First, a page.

It is also possible that the time of testing influenced cortisol concentrations. Kolevská et al. (31) showed that dogs not undergoing an exercise regimen had the highest blood cortisol concentrations between 1,000 and 1,300 h and the lowest concentrations between 1,600 and 1,900 h. A similar pattern was seen in this experiment, with the highest cortisol concentrations at the 60-min pre-test sample, which would have been taken between 1,200 and 1,400 h, and the lowest concentrations at the 60-min post-test sample period, which would have been taken between 1,400 and 1,600 h. While blood cortisol concentrations in samples taken from 1,300 to 1,600 h were lower than those taken between 1,000 and 1,300 h (31), that effect was not seen in this study. This could indicate that the noise-induced fear response test did in fact affect blood cortisol concentrations, maintaining the elevated levels through the afternoon rather than the normal drop expected from the circadian rhythm of the hormone. These results warrant further investigation, and future work should consider administering the noise test earlier in the day to account for possible influence of the circadian rhythm of cortisol.
In humans, trazodone has been shown to decrease plasma cortisol concentrations compared with placebo and is commonly prescribed for the treatment of anxiety, depression, and to facilitate sleep (7, 32). While trazodone is not currently labeled for use in dogs, off-label use of trazodone is common for the treatment of anxiety disorders as well as to reduce the agitation and distress associated with post-surgery confinement and reduced exercise (33, 34). In this experiment, treatment with trazodone lowered blood cortisol concentrations compared to all other treatments. On the other hand, CBD did not alter plasma cortisol concentrations compared to control in this experiment. In humans, CBD administration has been shown to attenuate the cortisol decrease associated with the circadian rhythm of the hormone (35, 36). While other anxiolytic supplements seem to reduce anxiety in dogs at least in part by reducing the cortisol response to stressors (9), the results of this study may suggest that CBD does not exert an anti-anxiety effect by lowering blood cortisol concentrations. However, Hurd et al. (37) demonstrated a decrease in salivary cortisol when CBD was dosed to humans at ~5 and 10 mg/kg BW, which may indicate that the CBD dosage selected for this study (1.4 mg/kg BW) was too low to exert an effect on cortisol.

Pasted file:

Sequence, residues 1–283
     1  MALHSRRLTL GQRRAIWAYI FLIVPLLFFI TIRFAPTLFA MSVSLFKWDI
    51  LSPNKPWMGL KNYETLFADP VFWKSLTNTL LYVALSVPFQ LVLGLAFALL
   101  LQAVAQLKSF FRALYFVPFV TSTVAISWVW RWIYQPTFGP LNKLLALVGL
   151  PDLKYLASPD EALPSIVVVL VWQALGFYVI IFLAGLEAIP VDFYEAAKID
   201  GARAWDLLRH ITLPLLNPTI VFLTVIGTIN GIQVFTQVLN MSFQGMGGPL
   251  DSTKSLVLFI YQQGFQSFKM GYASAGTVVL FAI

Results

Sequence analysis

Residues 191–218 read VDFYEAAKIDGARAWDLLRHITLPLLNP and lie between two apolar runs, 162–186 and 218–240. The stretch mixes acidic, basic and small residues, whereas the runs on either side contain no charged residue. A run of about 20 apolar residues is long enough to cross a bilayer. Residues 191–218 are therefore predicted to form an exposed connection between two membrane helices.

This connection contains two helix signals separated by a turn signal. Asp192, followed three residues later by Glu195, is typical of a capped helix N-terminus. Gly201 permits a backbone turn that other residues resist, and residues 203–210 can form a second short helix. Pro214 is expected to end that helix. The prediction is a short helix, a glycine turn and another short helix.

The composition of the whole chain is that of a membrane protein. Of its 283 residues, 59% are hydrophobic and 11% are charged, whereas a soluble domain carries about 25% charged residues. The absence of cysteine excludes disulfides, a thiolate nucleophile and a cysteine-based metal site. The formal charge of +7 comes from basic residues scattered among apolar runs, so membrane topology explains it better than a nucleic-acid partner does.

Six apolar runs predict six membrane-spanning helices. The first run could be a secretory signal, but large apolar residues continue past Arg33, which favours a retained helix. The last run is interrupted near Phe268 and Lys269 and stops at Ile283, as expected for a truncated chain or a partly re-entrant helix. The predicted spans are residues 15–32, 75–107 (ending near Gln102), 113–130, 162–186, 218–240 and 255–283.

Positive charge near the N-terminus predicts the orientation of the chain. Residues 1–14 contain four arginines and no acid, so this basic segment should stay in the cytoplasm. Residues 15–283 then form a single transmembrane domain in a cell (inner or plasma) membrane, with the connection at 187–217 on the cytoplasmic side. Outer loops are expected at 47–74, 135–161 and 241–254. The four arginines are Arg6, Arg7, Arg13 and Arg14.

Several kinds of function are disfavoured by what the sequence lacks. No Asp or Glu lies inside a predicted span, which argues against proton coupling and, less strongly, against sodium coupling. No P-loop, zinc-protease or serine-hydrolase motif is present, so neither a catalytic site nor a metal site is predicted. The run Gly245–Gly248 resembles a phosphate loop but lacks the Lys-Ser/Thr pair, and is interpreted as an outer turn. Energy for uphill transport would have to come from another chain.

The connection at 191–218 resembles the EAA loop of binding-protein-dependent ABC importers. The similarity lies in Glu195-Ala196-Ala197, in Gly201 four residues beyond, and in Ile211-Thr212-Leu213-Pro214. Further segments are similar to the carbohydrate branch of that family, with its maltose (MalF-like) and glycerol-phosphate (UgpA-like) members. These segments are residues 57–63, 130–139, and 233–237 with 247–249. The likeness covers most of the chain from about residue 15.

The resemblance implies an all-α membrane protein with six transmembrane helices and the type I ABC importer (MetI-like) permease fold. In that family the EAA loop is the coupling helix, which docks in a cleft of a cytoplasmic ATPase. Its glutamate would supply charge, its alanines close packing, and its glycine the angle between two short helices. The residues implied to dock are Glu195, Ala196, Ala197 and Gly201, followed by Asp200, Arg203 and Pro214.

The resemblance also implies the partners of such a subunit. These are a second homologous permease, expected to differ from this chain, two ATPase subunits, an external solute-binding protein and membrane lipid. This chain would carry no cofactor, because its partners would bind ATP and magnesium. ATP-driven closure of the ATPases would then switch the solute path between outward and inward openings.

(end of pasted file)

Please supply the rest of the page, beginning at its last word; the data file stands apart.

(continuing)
Another possibility is that CBD was administered too early in the day of the fireworks test. Recent work with other oral CBD products with similar dosages to this study demonstrated the time of maximum CBD concentration to be around 1.5 h after administration and the half-life of elimination to be between 1 and 4 h (16, 38, 39). However, at the time this study was completed (July 2018), these works on CBD pharmacokinetics had not yet been published, and earlier literature (24) reported much longer half-life for IV administration of CBD. This resulted in CBD treats being administered between 4 and 6 h prior to the test in this study. In the future, it may be necessary to administer treatments within 2 h of the noise test in order for CBD to have the greatest effect. This was accounted for in the administration of trazodone, as Jay et al. (21) reported that the same dose of oral trazodone had a mean half-life of 166 min in dogs.